Heading south from Milan across the lush fertile plain of the Po valley, towards Pavia, brings you to the fabulous Certosa di Pavia. Set amidst the paddy fields that produce the rice for that most Italian of dishes, risotto, Certosa means charterhouse or a home of the Carthusians. The order was founded in 1084 and it combines communal life with that of the hermetic tradition. Each monk has his own cell in which he spends his time in contemplation, emerging three times a day for communal services in the chapel. However, this austere lifestyle is at odds with the opulence of this religious complex and the solution to this riddle is Gian Galeazzo Visconti who was the first Duke of Milan. It was he who paid for and endowed the Certosa, intending the chapel to be the resting place for his dynasty and, by making the chapel part of a religious complex, he ensured the continuation and completion of the works after his death. Nor was the choice of the location a chance event – it was carefully chosen as it was between Milan and Pavia, the second city of the Duchy. The Duke also included a provision in the endowment requiring the monks to spend a specified part of the income from the lands given to them to improve the building which explains the splendour of the edifice. Work started in 1396 but the church itself, the last part of the project, was only consecrated in 1497.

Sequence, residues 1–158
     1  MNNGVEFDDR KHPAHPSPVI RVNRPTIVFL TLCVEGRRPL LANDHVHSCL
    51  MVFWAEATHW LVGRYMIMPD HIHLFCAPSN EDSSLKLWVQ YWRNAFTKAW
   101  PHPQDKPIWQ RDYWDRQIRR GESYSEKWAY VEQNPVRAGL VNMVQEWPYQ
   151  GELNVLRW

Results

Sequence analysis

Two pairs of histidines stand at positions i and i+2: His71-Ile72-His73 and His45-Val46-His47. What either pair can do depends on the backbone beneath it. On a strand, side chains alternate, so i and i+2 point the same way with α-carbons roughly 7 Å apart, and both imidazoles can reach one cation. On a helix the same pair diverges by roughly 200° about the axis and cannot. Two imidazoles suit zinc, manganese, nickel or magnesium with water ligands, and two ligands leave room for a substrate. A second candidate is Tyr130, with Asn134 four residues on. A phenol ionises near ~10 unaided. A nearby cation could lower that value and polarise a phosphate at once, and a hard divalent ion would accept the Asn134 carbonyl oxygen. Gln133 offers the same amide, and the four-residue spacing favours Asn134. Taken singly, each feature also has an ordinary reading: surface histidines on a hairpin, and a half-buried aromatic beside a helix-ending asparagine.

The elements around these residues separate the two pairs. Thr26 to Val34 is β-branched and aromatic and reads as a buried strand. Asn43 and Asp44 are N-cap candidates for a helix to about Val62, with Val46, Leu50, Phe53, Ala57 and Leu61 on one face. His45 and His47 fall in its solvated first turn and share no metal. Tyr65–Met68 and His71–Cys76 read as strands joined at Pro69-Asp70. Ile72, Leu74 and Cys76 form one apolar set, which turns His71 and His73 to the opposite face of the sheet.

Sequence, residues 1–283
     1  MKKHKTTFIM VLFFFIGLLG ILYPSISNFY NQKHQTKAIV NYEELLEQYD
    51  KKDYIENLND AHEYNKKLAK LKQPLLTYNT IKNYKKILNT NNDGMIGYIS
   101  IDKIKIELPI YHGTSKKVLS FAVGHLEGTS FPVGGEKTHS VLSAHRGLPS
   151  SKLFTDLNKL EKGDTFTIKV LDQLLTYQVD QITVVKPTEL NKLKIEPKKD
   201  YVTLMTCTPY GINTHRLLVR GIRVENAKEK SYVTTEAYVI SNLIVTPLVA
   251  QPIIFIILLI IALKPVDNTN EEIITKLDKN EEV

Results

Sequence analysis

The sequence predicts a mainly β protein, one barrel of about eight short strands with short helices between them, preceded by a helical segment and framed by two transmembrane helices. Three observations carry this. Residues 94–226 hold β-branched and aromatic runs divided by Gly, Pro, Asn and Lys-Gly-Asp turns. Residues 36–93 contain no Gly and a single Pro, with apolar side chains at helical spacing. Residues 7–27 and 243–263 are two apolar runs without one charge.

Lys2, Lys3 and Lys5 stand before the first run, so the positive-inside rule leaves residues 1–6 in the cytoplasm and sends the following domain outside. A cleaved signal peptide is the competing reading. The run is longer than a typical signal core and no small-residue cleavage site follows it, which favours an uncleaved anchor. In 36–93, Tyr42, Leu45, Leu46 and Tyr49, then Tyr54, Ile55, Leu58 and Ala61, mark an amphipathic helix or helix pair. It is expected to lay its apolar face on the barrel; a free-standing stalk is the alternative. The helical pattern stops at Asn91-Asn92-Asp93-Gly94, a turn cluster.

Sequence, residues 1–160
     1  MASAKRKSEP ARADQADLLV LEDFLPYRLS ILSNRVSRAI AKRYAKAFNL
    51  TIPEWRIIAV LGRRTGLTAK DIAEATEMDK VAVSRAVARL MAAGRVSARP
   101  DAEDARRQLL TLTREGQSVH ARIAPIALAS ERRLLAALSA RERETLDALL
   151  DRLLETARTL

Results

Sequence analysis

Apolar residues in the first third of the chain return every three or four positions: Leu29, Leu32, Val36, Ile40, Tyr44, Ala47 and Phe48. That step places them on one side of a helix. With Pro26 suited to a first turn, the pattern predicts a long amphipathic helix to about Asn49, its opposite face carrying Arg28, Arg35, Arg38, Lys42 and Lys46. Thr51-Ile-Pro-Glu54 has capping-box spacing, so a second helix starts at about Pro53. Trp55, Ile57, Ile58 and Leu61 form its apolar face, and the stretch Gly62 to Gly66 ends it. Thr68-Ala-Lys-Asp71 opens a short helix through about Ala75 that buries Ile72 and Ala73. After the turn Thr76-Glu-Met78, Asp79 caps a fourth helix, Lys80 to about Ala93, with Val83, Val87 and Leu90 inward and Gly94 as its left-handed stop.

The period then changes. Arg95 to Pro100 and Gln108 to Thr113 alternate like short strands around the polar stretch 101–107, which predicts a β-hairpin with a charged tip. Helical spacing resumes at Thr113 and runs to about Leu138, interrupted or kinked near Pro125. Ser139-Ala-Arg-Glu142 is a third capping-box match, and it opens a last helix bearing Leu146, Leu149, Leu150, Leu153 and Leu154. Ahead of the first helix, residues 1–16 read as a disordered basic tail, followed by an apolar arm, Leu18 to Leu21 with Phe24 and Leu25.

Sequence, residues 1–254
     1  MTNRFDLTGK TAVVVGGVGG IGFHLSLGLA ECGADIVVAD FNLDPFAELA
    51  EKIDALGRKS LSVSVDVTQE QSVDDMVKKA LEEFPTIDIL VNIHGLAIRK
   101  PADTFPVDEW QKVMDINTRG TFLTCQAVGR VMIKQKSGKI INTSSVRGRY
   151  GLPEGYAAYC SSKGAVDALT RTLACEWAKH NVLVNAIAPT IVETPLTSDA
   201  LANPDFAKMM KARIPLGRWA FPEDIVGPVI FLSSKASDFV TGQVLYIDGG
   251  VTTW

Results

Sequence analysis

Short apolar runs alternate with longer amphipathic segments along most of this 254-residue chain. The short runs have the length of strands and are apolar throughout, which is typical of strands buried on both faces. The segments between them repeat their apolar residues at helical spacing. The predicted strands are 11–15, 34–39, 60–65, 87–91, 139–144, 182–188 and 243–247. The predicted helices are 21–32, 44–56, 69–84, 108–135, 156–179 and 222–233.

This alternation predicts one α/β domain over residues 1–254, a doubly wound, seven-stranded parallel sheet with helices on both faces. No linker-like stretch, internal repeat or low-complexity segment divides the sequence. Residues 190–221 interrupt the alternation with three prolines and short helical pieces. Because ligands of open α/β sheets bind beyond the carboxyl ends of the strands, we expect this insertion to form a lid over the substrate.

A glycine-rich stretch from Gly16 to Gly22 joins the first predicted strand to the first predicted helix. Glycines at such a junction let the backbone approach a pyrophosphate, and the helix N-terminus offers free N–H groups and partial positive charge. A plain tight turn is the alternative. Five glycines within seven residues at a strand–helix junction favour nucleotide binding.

The first thing to hit you is the facade which is a riotous mixture of Romanesque and Renaissance influences but is essentially Lombard in style, covered with inlaid marble designs. The interior is equally dazzling but lack of lighting can make appreciation difficult and photography is forbidden. There are twelve interior chapels richly decorated with frescoes and also look out for the trompe l’oeil paintings of lay brothers looking down on the nave.
Outside the church there is also a museum to enjoy but be aware that opening hours are limited and it is closed on Mondays. Also n0te that there have been complaints of theft from vehicles. Don’t leave any valuables in your car.